Some recent articles
Judah Galinsky has an article in Tsiyon 72, 4 (2007), continuing his work on R. Asher ben Yehiel in Toledo. In this article, he brings together some of the strands of his recent work by demonstrating how the Rosh influenced local practices of tax-paying and charity in order to achieve a shift in values, towards communal support of learning Torah Lishmah.
Tsiyon 73 (2008) includes an article by Prof. Simcha Emanuel surveying halakhic discussions of Gentile wet-nurses. Jews in medieval Europe used wetnurses frequently, and Jewish ones were more expensive. Emanuel discusses the halakhic issues that arose, including the question of whether the nurse would be allowed to eat non-Kosher foods. The only Halakhist to really discuss this question was R. Isaac Or Zarua, but apparently, French Jews in Paris and Sens were actually quite strict about this. Emanuel suggests that it was the Or Zarua's teachers in Paris and Sens who taught him this stringency, but they failed to mention it in their own halakhic works. Why?
One answer that Emanuel hints to, but does not pursue, is that this was a position held by only part of the community in these cities - and not by the Tosafists themselves. This opens the door to interesting questions regarding the position of authority that the Tosafists held in their own communities (akin to the debate about the authority of the Tannaim).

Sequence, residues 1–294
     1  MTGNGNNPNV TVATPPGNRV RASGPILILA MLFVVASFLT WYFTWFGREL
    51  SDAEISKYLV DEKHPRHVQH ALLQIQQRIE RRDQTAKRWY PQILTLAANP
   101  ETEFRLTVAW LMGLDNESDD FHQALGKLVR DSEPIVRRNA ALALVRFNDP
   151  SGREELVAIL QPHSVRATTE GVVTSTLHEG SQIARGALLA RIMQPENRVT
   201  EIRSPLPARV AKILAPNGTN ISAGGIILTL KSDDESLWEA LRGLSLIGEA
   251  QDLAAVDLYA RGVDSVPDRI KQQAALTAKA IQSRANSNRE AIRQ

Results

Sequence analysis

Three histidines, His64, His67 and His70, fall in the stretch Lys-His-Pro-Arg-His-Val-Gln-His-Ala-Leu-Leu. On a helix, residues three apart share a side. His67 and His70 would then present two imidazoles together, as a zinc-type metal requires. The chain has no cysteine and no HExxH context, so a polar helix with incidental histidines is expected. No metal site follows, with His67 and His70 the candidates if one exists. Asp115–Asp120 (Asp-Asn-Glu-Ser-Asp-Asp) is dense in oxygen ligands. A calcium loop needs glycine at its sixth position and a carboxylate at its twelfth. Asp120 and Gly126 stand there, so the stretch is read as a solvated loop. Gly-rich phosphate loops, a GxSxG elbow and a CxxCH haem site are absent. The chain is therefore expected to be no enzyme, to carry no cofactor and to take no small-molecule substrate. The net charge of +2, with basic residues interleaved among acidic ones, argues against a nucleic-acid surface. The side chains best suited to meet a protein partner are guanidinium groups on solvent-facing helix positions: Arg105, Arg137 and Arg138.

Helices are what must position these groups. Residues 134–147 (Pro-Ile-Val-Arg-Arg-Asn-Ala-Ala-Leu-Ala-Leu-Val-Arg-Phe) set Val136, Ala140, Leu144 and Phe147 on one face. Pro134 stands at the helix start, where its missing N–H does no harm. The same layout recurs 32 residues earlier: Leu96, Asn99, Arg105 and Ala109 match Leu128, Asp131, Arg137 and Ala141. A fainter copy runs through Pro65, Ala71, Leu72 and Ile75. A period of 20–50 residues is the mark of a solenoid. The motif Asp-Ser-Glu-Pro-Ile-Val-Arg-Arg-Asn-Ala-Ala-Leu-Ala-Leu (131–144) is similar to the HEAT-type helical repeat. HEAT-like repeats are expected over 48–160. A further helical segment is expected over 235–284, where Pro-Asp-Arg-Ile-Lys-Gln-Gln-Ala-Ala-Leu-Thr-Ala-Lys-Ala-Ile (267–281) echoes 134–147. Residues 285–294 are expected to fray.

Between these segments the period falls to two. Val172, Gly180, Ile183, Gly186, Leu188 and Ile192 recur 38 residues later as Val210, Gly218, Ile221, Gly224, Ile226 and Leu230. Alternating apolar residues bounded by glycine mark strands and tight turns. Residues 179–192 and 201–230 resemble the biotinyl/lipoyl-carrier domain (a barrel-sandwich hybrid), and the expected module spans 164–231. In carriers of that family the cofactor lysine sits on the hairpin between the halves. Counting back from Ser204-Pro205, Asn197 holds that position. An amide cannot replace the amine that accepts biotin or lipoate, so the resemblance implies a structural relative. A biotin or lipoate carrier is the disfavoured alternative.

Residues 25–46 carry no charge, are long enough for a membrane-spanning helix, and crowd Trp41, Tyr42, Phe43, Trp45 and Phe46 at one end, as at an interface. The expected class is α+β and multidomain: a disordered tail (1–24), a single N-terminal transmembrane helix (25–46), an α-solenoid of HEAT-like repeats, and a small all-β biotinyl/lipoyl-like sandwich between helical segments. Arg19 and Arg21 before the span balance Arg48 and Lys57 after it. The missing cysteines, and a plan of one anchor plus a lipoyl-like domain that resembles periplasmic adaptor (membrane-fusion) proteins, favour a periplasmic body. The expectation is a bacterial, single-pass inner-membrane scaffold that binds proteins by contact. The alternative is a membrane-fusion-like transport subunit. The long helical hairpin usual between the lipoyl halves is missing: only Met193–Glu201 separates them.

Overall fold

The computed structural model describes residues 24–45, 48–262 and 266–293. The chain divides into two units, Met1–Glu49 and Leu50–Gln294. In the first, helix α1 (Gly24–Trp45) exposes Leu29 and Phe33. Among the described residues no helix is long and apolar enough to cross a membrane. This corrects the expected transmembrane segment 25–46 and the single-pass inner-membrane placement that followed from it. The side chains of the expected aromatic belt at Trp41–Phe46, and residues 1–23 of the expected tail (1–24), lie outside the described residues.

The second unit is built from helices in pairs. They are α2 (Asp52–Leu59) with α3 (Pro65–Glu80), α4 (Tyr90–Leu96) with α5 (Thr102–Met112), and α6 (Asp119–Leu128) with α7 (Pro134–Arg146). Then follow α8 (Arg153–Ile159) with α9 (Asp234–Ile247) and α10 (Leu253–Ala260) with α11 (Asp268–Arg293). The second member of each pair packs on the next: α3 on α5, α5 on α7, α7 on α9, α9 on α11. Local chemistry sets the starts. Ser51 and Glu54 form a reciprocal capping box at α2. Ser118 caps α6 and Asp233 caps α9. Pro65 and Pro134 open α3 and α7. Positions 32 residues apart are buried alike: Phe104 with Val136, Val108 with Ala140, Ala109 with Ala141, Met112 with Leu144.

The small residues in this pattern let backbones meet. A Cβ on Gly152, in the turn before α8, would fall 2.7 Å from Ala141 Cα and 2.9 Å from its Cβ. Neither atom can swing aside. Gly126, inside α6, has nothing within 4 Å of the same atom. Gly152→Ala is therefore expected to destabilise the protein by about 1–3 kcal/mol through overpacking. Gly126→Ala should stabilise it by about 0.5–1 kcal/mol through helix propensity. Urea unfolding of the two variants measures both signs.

The answer he gives is that, as it turns out, Tosafists do not always discuss their actual practice when commenting on Talmudic texts. They do it frequently, to be sure, and thus allow historians of Halakhah to keep themselves busy. But not always - sometimes they are content to focus on the Talmud, ignoring the ramifications for their communal practice.
Of course, it's possible that their failure to discuss this particular custom may have been because of how uncomfortable it made relations with Christians at times:
בדבר הזה אין אנו מודיעין למלכות
Professor James Diamond was kind enough to send me a PDF of his article 'King David of the Sages: Rabbinic Rehabilitation or Ironic Parody?'. The Talmud tells some very strange stories about King David, which leave you wondering whether you're supposed to admire or revile the biblical figure. Diamond suggests that they are best read in an ironic key, which allowed the rabbis to voice their criticism of his actions while preserving his stature in the eyes of the masses.